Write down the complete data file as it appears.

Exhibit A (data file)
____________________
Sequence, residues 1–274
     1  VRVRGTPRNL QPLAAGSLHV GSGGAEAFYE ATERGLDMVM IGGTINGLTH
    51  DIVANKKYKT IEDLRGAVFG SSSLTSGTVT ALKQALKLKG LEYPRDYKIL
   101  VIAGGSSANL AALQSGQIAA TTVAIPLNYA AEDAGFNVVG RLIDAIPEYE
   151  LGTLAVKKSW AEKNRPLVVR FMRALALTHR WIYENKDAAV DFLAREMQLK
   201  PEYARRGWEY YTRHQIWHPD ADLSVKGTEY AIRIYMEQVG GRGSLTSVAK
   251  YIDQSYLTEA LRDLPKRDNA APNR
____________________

Sequence, residues 1–274
     1  VRVRGTPRNL QPLAAGSLHV GSGGAEAFYE ATERGLDMVM IGGTINGLTH
    51  DIVANKKYKT IEDLRGAVFG SSSLTSGTVT ALKQALKLKG LEYPRDYKIL
   101  VIAGGSSANL AALQSGQIAA TTVAIPLNYA AEDAGFNVVG RLIDAIPEYE
   151  LGTLAVKKSW AEKNRPLVVR FMRALALTHR WIYENKDAAV DFLAREMQLK
   201  PEYARRGWEY YTRHQIWHPD ADLSVKGTEY AIRIYMEQVG GRGSLTSVAK
   251  YIDQSYLTEA LRDLPKRDNA APNR